In search of a present-day utopia The heritage of the modernists

“Many people dream of a better world; Howard, Wright and Le Corbusier each went a step further and planned one. Their social consciences took this rare and remarkable step because they believed that, more than any other goal, their societies needed new kinds of cities.” Robert Fishman

“The world’s greatest happiness lies in action” Le Corbusier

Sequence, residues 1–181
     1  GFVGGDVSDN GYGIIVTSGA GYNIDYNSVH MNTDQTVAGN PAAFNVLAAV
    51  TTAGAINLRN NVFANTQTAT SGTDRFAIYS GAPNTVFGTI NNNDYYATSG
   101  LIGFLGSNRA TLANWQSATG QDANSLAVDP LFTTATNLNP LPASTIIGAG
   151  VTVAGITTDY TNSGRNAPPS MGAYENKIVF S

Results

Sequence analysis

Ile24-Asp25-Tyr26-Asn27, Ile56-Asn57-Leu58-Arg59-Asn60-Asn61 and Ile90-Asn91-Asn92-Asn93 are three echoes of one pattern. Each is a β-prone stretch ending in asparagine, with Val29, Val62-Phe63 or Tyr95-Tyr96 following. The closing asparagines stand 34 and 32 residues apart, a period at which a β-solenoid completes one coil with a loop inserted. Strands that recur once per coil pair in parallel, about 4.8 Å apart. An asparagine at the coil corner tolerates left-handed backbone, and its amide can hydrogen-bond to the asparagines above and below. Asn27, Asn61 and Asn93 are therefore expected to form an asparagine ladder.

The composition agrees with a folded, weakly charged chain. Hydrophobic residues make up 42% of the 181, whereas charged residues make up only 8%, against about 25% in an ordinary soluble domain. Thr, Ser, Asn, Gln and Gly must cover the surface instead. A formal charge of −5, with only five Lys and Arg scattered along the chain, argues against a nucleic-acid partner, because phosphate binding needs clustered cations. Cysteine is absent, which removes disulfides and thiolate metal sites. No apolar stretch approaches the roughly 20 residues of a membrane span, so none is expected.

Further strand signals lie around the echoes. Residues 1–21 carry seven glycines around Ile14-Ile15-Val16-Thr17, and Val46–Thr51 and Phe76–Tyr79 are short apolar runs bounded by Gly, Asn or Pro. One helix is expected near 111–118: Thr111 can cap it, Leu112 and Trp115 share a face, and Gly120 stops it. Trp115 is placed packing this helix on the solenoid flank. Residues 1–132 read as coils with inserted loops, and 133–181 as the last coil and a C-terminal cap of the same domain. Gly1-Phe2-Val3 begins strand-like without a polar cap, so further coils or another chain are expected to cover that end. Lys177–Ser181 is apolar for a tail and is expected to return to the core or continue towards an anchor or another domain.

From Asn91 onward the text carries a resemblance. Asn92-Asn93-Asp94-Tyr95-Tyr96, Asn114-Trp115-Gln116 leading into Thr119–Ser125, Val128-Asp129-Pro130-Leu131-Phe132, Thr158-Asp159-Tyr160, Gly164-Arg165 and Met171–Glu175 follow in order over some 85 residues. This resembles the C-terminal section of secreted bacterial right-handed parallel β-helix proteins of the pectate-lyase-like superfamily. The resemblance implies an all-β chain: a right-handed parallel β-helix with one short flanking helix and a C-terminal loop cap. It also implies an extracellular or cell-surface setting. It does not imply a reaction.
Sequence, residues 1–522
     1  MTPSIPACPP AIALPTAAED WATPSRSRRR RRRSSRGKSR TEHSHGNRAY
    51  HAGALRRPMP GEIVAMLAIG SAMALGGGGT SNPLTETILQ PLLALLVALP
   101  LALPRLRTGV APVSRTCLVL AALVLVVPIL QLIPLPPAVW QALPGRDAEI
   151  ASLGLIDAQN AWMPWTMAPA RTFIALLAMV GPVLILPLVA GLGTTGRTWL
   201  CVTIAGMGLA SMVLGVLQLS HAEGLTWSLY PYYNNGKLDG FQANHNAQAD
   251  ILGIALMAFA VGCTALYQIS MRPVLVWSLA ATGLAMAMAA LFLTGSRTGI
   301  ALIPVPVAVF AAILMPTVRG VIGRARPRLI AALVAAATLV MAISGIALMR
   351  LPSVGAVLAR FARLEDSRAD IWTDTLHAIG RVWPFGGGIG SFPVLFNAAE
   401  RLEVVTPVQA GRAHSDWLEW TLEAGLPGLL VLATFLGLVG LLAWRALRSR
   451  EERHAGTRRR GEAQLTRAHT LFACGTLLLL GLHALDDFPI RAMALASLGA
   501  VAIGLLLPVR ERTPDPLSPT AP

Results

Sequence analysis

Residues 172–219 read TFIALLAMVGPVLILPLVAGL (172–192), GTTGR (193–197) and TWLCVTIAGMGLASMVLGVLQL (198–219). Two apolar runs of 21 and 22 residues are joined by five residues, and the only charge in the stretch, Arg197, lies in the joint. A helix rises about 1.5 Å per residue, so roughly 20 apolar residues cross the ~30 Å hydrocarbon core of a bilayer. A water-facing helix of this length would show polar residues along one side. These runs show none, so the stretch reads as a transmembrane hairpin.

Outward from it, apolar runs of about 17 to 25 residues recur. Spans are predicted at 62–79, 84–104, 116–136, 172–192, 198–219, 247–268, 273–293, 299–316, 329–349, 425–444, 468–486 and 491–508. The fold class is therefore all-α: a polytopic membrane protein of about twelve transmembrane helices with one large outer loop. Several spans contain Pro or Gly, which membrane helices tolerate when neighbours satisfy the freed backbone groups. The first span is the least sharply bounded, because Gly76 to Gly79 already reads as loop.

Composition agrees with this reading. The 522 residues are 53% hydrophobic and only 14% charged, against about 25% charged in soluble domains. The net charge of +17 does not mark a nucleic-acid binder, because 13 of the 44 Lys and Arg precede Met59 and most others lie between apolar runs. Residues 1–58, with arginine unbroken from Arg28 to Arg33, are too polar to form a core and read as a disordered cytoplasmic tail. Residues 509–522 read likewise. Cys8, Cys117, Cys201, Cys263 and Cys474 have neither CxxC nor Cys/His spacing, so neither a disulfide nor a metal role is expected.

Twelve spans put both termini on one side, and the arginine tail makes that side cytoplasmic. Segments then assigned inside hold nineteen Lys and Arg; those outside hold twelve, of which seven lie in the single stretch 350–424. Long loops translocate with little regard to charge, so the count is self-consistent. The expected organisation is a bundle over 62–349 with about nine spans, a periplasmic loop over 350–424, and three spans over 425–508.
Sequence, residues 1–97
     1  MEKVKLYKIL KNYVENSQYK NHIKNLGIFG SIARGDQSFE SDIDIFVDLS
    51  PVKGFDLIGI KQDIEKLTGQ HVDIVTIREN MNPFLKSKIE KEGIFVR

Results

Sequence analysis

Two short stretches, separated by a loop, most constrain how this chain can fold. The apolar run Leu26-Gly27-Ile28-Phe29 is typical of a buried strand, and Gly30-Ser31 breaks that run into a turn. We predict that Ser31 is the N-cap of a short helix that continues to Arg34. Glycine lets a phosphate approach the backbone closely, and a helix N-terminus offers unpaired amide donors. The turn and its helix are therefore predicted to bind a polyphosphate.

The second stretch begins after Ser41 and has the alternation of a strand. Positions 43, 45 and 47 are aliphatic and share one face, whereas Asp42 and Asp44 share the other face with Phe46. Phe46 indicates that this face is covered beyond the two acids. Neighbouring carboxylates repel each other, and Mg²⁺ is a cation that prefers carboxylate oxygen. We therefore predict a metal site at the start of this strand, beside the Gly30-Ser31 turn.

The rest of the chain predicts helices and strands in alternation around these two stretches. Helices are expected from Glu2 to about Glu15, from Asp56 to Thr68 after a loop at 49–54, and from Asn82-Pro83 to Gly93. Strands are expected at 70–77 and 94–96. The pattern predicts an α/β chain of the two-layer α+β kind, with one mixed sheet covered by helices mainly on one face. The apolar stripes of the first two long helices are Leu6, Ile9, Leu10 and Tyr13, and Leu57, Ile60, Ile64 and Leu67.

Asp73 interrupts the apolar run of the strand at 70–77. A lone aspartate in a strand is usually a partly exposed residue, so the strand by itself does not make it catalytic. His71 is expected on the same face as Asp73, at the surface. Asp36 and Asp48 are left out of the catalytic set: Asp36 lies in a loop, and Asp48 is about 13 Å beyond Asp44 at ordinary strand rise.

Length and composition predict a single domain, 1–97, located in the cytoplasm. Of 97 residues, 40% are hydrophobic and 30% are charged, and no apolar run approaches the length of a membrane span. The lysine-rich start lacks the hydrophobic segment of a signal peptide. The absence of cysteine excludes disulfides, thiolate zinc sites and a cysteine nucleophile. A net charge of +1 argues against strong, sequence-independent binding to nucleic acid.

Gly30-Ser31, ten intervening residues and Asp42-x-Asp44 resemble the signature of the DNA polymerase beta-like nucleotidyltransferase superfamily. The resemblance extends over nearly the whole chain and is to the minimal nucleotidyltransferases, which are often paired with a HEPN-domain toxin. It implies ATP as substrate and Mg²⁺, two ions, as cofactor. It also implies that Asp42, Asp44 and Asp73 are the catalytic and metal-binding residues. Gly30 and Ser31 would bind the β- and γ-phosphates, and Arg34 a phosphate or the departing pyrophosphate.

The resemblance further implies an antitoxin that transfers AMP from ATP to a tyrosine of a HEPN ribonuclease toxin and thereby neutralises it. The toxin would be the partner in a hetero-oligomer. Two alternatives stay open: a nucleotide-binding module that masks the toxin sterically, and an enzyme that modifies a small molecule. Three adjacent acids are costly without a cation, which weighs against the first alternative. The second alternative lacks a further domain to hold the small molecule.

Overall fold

Modernist planning, nowadays, equals authoritarian disaster, anti-social displacement of whole neighbourhoods, grey concrete buildings and large, uninspired open space – the Great Blight of Dullness, in the sarcastic words of Jane Jacobs. Indeed a lot of large-scale modernist projects didn’t quite work out the way their inventors had planned them on the drawing board. It may be en vogue to mock or discard the attempts of Ebenezer Howard, Le Corbusier or Frank Lloyd Wright to rebuild and reinvent the urban fabric and take the highly unsanitary 19th century slums well into the 20th century. Yet, there are good reasons to defend the project the modernists had in mind. Not all of their recipes worked, to say the least, but these urbanists may have had a quality lost to contemporary urbanism. The quality to dream, to formulate a vision and seek for big solutions.In this essay we will focus on the overall vision of the modernist planners on society and ‘morality’. Howard, Wright and Le Corbusier had quite different models but fundamentally they had made the same analysis of the late 19th century city. The modernist project and their architects had affinities with the radical leftist morale of marxism and fabianism and were waiting for the dawn of a new age of equality and freedom. It is suggested that, in terms of politics or morality their writings are paradoxical (Le Corbusier) or naïve (Howard). But we can acknowledge what is possibly their biggest feat: the conception of urban space as such and the possibility of an urban utopia, one they considered feasible, one they believed was essential for economic redistribution and social intervention.